Bad Religion, Brian Baker's Sleazy Rock Past

Bad Religion, Brian Baker's Sleazy Rock Past

Brian Baker has compete stringed instrument in bands for thirty four years—19 of these in dangerous faith. He was a foundation member of reputable punk bands Minor Threat, Dag Nasty, fund and therefore the ill-famed Meatmen once they settled from Michigan. Baker reflects on these bands in bloom, associate degree approaching documentary regarding the Washington, D.C., punk scene—named, incidentally, for Minor Threat’s late 1985 EP. however there square measure many stops on his career path which will surprise you.

Like yard, associate degree unsung—and pretty kickass—sleaze-rock outfit from the ’80s that dwelled aboard Guns N’ Roses, Mötley Crüe and Ratt on the Sunset Strip. It’s not the sort of résumé item you’d expect from associate degree on the face of it dyed-in-the-wool punk. After all, the D.C. punk scene spawned some terribly serious bands with terribly serious political ideologies. and so there’s dangerous faith, that Baker joined in 1994 once guitar player Brett Gurewitz left. Their music is splendidly exciting and stimulating. yard had songs regarding Hollywood, livin’ on the streets and “Blooze.”

“As a matter of truth, I’m still in yard,” Baker says. He even compete with the band at the far-famed liquor A Go-Go whereas dangerous faith was recording its current album, True North (Epitaph). “Whenever I’m out there for a short time, if there’s the simplest way to induce along, we will,” he continues.

The affiliation “can all be explained by the Meatmen,” Baker says. “Listen to War of the Superbikes.” It’s true; the Meatmen square measure a punk band with heavy-metal leanings, and Superbikes is full-on bike metal— each lusty and pelvic-thrusty. “There’s your Junkyard; it’s right there.”

Baker furthers that his musical epiphany was being transfixed at age seven by highschool stoners taking part in “Smoke on the Water” over and over. Plus, there have been the rock group and AC/DC and “Let’s not forget Van Halen I.” Bottom-lining it, Baker says, “Being in a very punk band and being a punk square measure 2 various things. I’m still in a very punk band, however I’m not a punk. I’m 48. I ne'er was troubled regarding carrying the flag for private politics. I hear rock'n'roll, however I hear AC/DC, too.”

So, too, did lots of Baker’s peers within the D.C. scene. “Everyone had associate degree open mind this stuff,” he says. “We’d get on tour, cruising down the road paying attention to Teddy boy Nugent. This was long before we have a tendency to learned he had terribly specific ideas regarding however the country ought to be run,” he says, laughing. “Those were the happy, halcyon days once all he was talking regarding was a fighting. however I’m certain lots of individuals don’t perceive that [Bad faith vocalist] Greg Graffin is completely influenced by affirmative and fuckin’ prog rock. it absolutely was a large factor for him. It still is. and that i don’t consider that as significantly punk. however no matter gets you to the tip result, that’s what you get. perhaps if something speaks to the concept of punk, it’s that punk could be a place wherever totally different ideas square measure inspired.”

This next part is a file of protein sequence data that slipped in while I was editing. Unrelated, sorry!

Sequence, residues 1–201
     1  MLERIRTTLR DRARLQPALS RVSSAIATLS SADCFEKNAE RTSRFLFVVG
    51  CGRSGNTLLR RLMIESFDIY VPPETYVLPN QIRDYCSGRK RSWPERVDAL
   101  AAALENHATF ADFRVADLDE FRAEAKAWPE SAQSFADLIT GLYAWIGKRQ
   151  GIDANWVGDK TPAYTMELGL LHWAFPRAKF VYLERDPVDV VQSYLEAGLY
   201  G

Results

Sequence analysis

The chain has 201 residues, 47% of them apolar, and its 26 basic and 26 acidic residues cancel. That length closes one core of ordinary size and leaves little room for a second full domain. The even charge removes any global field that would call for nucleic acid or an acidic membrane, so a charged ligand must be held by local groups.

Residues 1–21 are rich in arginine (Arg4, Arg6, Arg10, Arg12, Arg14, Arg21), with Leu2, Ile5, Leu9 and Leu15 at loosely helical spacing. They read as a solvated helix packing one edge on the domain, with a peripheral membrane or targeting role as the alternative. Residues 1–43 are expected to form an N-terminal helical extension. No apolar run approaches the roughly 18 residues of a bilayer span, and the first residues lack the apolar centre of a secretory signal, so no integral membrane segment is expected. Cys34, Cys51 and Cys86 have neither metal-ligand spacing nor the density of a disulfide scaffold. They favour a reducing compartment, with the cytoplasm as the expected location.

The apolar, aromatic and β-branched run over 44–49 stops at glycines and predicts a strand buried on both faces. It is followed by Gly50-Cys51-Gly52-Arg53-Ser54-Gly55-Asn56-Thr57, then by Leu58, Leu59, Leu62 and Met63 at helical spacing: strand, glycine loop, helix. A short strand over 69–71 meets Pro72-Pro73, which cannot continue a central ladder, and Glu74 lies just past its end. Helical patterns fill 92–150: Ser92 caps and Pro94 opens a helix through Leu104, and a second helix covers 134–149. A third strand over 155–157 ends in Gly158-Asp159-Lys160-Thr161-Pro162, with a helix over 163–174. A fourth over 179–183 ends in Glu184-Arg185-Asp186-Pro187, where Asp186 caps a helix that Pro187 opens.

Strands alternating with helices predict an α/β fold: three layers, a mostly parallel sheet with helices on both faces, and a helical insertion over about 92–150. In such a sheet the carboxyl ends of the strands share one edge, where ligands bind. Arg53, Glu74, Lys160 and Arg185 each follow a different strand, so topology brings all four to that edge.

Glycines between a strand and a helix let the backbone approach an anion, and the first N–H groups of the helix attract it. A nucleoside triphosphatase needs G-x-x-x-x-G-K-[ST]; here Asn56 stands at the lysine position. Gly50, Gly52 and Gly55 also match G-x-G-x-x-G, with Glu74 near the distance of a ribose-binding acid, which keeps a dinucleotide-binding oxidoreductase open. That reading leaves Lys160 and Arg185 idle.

So that’s why Baker—along with Minor Threat and Meatmen guitar player Lyle Preslar—was conjointly a foundation member of Samhain with spaceman city. Alas, “I ne'er ought to play with them,” Baker says. “I got pink-slipped.” It conjointly explains why Baker was offered a gig as R.E.M’s traveling guitar player within the mid-1990s. “I was wholly flattered. i might have wanted to play with them; they’re one among the foremost vital rock bands of the twentieth century. however dangerous faith was a far better work.”

Bad Religion is additionally Baker’s longest gig. and therefore the most satisfying “by way.” reflective on having spent nineteen years with the band, he says he “didn’t suppose it might last nineteen months.” however it’s as encouraging associate degree setting as D.C. was back within the day. They’re all best friends. Their families square measure friends. “It’s quite a band; it’s like our own very little society. I’d say it’s a life-style, however that will imply a ‘deathstyle.’ It transcends the concept of a band. I feel extremely lucky on a daily basis. particularly since they didn’t kick American state out once Brett came back.”

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